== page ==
Fire Helmet, "Union / 1 / 1780"

The traditional American leather firefighter’s helmet with its distinctive long rear brim, frontpiece, and crest adornment was first developed around 1821-1836 in New York City. Henry T. Gratacap, a New York City luggage maker by trade, is often credited as the developer of this style of fire helmet. Gratacap created a specially treated leather helmet with a segmented “comb” design that led to unparalleled durability and strength. The elongated rear brim (also known as a duckbill or beavertail) and frontpiece were 19th century innovations that remain the most identifiable feature of firefighter’s helmets. The body of the helmet was primarily designed to deflect falling debris, the rear brim prevented water from running down firefighters’ backs, and their sturdy crowns could aid, if necessary, in breaking windows.
This leather fire helmet was made by Cairns & Brother of New York, New York during the 19th century. The helmet is painted white with four combs and ivy-vine scrollwork stamped around the brim. The date “1780” is painted in red on the rear brim. The hat has a metal eagle frontpiece holder mounted on the crown, with a silver metal frontpiece that reads “UNION/1/1780” in stamped brass plate, with an image of a steam engine in stamped brass above the “1”. The ornate nature of the frontpiece may mean that this hat was primarily worn during parades and ceremonial functions.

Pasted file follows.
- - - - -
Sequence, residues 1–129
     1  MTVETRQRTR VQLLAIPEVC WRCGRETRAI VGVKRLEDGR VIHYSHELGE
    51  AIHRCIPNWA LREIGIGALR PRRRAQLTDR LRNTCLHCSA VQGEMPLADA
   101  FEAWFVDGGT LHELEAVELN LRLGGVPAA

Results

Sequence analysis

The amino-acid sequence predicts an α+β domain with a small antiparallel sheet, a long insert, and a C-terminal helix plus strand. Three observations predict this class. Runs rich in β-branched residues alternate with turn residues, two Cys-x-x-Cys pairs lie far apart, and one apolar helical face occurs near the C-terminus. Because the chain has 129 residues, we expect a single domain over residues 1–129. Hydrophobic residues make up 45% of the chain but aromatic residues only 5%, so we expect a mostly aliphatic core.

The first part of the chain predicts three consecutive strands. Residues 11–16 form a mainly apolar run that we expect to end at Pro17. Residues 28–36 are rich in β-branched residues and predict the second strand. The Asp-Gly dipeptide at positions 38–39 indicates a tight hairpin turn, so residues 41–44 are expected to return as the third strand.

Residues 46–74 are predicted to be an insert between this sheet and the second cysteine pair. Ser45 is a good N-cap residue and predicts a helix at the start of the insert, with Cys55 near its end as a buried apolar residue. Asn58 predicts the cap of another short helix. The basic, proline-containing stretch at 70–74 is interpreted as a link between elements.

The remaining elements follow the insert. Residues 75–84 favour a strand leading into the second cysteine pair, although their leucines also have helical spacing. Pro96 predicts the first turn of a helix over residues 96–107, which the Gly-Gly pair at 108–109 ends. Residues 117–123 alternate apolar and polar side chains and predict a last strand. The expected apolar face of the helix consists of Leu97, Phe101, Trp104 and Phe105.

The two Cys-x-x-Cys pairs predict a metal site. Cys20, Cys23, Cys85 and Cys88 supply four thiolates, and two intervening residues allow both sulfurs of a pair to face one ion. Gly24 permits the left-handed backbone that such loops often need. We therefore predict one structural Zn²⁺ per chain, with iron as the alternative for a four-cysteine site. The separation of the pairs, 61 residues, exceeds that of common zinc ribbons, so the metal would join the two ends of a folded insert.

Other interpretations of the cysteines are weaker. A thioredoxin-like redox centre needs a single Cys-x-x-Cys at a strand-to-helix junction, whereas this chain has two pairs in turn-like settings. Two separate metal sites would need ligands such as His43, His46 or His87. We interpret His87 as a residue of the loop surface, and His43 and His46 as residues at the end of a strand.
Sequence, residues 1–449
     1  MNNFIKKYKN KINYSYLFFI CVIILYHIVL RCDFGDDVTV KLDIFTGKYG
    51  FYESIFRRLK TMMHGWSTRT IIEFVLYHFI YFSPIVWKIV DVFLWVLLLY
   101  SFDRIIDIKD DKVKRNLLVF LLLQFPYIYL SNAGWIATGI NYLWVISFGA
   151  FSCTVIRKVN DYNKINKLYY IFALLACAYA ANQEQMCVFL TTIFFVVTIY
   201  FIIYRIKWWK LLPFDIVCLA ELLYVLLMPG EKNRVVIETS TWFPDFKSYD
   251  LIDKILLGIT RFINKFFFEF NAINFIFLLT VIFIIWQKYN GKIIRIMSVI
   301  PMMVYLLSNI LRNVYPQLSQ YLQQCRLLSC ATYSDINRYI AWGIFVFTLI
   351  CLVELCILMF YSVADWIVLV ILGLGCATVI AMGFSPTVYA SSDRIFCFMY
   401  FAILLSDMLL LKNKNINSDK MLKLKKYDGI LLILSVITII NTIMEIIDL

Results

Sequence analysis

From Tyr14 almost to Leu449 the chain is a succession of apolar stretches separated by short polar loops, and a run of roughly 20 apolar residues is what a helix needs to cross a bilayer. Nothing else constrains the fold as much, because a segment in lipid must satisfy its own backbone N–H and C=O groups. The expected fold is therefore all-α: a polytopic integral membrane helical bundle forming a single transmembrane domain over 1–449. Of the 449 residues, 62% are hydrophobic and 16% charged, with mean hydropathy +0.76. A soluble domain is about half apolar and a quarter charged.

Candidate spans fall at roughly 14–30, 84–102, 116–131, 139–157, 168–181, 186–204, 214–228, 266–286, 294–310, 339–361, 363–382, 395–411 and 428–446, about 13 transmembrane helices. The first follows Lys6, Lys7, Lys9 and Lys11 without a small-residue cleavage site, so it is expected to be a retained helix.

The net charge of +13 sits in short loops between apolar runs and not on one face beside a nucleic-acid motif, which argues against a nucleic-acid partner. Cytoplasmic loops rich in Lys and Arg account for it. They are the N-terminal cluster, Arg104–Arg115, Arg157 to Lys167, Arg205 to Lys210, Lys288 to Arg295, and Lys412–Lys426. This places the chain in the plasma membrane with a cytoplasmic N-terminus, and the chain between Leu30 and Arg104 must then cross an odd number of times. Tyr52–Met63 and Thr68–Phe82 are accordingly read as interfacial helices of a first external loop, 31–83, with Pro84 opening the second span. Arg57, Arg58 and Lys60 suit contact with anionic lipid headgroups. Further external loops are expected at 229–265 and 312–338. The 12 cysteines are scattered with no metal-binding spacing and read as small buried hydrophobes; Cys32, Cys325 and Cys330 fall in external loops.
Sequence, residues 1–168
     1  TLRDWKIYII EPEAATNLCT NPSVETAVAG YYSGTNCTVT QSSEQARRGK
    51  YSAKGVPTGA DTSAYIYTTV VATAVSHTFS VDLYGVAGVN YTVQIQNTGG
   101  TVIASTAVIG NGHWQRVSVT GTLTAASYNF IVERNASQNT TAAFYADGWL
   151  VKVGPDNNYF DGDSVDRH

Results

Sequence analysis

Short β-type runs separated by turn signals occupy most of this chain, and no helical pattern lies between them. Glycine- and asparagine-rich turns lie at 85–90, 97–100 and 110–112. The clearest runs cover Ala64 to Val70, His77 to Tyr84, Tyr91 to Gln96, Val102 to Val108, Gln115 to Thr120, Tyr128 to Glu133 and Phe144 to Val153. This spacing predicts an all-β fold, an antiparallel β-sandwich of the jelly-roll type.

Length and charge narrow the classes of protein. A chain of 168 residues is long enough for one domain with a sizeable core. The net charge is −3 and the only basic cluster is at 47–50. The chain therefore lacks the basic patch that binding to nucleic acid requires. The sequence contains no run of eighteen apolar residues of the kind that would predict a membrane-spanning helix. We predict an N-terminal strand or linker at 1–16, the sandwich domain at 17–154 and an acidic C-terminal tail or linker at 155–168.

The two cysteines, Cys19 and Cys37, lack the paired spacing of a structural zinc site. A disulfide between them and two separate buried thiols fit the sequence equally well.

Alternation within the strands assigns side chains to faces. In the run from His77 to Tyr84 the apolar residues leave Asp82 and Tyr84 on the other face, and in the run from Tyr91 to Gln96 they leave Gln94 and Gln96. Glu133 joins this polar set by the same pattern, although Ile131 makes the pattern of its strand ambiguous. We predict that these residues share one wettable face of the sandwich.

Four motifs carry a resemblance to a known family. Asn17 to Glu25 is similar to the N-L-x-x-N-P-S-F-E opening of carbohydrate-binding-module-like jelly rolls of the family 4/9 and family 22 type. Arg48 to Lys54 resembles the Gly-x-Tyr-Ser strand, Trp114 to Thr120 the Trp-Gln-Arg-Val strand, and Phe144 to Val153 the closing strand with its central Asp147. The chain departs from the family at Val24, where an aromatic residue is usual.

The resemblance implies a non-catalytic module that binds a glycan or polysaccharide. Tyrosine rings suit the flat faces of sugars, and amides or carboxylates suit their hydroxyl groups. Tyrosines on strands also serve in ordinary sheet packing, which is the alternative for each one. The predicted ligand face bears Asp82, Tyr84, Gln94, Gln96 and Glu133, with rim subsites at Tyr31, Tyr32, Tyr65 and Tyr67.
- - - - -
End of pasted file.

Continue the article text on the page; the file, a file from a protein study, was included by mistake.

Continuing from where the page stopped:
Currently not on view
Object Name
helmet, fire
date made
19th century
Cairns & Brother
Physical Description
metal (part: shield material)
leather (overall material)
overall: 9 in x 11 in x 14 in; 22.86 cm x 27.94 cm x 35.56 cm
place made
United States: New York, New York
ID Number
accession number
catalog number
Clothing & Accessories
Firefighting Collection
Fire Helmets
See more items in
Home and Community Life: Fire Fighting and Law Enforcement
Fire Helmets
Firefighting Collection
Data Source
National Museum of American History, Kenneth E. Behring Center
Credit Line
Gift of CIGNA Museum and Art Collection
Additional Media

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